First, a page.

Most people would think of somewhere such as New York, New Jersey, California or Massachusetts.
Very few would think of Wyoming, which, in fact, is the most expensive state for car ownership, when repairs, insurance and gasoline are combined, according to a car-cost study by Bankrate.com.
The big difference in Wyoming is the cost of fueling a vehicle in a state with lots of space between stops.
“Although it has below-average repair, fuel and insurance costs, Wyoming marked the list as the most expensive state … [because] everything is so far apart,” reported Auto Remarketing online. “Wyoming residents drive 68 percent more than the national average, spending $1,588 per year on gas.”
The average annual cost of driving a vehicle in Wyoming is $2,705, about 6 percent higher than the next expensive state, Louisiana, at $2,555, according to the Bankrate study, and more than 39 percent higher than the least-expensive state, Iowa, at $1,942. Iowa’s low operating costs were driven by the U.S.-lowest insurance expense of $630 per year, Bankrate showed.
Other top 10 most-expensive states, in order, are Florida, Mississippi, New Jersey, Georgia, Delaware, Alabama, Michigan and Connecticut, with average costs ranging from $2,516 to $2,372.
Least-expensive states ranking after Iowa are Ohio, Illinois, Idaho, Wisconsin, South Dakota, Pennsylvania, New Hampshire, Nebraska and Oregon, with costs from $1,973 to $2,081.
“The Midwest has one quality that Americans are sure to love,” said Bankrate. “It’s home to some of the cheapest states for drivers. Several Midwestern states ranked among the cheapest in the country.”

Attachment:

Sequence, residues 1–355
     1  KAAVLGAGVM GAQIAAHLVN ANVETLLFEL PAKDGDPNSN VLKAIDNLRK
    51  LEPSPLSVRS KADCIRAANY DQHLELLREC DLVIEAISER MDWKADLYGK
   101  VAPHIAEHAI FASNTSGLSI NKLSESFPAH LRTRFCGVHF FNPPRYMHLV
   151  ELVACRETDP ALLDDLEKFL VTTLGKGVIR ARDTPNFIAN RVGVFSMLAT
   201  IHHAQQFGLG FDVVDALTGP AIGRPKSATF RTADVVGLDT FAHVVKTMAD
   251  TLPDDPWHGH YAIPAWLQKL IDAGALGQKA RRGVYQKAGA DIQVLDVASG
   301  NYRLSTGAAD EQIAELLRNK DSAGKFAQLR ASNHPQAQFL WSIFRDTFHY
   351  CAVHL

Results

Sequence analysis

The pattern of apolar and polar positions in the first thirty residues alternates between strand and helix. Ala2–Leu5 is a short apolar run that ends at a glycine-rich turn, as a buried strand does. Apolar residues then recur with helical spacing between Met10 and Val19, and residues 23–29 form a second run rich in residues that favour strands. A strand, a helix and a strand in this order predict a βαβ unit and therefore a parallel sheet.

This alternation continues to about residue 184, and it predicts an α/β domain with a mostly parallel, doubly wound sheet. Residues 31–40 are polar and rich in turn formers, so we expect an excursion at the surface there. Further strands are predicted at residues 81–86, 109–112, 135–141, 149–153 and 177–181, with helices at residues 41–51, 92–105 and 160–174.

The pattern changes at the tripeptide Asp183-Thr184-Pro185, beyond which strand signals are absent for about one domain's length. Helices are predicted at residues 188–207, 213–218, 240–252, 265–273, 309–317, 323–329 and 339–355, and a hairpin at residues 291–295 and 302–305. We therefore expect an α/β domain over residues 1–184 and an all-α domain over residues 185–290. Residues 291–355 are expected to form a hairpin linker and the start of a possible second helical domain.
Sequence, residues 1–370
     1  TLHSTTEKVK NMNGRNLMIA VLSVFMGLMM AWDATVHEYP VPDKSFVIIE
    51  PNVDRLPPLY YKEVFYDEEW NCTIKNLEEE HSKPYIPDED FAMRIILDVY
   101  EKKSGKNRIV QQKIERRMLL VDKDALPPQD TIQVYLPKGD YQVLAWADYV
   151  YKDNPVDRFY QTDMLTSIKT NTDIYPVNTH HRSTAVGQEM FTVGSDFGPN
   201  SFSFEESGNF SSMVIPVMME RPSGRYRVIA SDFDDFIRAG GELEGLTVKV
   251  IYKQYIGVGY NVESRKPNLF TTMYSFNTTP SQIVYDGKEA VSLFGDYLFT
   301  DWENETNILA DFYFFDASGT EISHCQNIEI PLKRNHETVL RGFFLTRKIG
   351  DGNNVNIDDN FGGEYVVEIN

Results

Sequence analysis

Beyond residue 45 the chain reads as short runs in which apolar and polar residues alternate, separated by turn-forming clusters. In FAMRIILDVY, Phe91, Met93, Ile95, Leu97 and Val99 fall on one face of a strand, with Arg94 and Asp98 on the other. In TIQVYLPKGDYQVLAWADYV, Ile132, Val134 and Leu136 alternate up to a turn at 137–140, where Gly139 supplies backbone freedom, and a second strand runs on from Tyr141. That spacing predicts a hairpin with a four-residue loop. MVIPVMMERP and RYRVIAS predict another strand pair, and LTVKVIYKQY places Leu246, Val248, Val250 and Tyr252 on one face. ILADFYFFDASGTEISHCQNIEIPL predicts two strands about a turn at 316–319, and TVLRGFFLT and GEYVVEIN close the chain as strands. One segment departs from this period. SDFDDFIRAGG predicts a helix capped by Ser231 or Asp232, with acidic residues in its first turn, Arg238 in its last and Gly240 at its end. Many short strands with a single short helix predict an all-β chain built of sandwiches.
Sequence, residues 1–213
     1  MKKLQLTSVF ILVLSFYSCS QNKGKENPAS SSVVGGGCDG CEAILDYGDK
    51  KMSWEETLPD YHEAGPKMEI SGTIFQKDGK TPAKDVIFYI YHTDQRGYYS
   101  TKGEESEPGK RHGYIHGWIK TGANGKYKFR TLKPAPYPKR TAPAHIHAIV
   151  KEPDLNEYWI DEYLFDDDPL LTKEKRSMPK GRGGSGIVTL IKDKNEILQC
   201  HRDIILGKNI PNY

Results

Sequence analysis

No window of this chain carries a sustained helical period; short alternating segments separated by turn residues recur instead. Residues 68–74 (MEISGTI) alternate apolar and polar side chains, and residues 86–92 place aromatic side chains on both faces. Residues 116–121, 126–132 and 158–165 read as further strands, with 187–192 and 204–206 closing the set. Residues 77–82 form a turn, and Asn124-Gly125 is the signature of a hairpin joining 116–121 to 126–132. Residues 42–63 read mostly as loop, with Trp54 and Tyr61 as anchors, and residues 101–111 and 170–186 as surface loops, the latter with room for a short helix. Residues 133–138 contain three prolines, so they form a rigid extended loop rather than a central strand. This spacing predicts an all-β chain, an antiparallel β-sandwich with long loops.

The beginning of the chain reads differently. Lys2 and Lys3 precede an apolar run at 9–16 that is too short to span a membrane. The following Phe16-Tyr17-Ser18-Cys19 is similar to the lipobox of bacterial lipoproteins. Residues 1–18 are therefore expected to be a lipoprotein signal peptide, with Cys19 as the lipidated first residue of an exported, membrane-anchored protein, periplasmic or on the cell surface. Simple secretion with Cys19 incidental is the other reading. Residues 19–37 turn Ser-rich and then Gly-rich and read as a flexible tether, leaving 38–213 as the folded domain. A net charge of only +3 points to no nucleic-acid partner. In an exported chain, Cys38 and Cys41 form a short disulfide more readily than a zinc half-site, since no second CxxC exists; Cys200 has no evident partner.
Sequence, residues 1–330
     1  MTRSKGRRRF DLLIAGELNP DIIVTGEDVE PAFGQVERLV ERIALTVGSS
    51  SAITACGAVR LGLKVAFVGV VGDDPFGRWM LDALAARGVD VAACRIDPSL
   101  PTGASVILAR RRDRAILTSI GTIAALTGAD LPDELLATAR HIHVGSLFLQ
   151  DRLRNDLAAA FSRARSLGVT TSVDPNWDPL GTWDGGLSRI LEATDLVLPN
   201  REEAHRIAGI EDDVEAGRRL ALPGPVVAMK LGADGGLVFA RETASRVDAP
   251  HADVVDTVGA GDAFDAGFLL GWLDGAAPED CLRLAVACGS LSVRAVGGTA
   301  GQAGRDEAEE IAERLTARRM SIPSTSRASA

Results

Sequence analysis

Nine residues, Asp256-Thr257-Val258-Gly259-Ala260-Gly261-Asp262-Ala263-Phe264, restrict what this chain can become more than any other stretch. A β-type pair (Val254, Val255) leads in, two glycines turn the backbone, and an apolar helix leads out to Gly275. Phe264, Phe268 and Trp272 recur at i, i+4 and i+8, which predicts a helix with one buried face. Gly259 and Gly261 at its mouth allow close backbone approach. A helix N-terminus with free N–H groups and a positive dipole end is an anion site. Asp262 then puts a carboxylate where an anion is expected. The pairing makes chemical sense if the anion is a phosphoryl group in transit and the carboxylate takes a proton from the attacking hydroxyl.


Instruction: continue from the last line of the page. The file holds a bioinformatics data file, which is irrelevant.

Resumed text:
And what about the states that we expected to see on the most-expensive list – other than New Jersey, which indeed was among the most expensive? Massachusetts, New York and California all were solidly middling on average, with annual car ownership costs at $2,169, $2,273 and $2,237, respectively.
For a full listing of states and vehicle expenses see the Bankrate.com article. There, you also can see for yourself which states were most and least expensive in each of the three measured categories.
Bankrate analyzed the cost of car ownership in all 50 states and the District of Columbia. Labor and parts data were provided by CarMD.com, while gas spending was calculated with statistics from GasBuddy.com and the Bureau of Transportation Statistics. Insurance costs were compiled from National Association of Insurance Commissioners statistics.
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